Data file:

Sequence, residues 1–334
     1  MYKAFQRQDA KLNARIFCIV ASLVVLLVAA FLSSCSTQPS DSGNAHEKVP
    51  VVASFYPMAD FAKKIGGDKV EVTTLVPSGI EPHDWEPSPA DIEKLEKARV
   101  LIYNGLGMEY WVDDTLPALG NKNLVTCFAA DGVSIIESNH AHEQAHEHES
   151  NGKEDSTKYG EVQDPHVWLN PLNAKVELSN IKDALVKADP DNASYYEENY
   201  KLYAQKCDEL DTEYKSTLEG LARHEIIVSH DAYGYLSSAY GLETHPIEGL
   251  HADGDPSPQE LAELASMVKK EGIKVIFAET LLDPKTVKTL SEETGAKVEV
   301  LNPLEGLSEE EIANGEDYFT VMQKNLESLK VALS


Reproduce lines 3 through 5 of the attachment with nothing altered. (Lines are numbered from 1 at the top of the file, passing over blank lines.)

    51  VVASFYPMAD FAKKIGGDKV EVTTLVPSGI EPHDWEPSPA DIEKLEKARV
   101  LIYNGLGMEY WVDDTLPALG NKNLVTCFAA DGVSIIESNH AHEQAHEHES
   151  NGKEDSTKYG EVQDPHVWLN PLNAKVELSN IKDALVKADP DNASYYEENY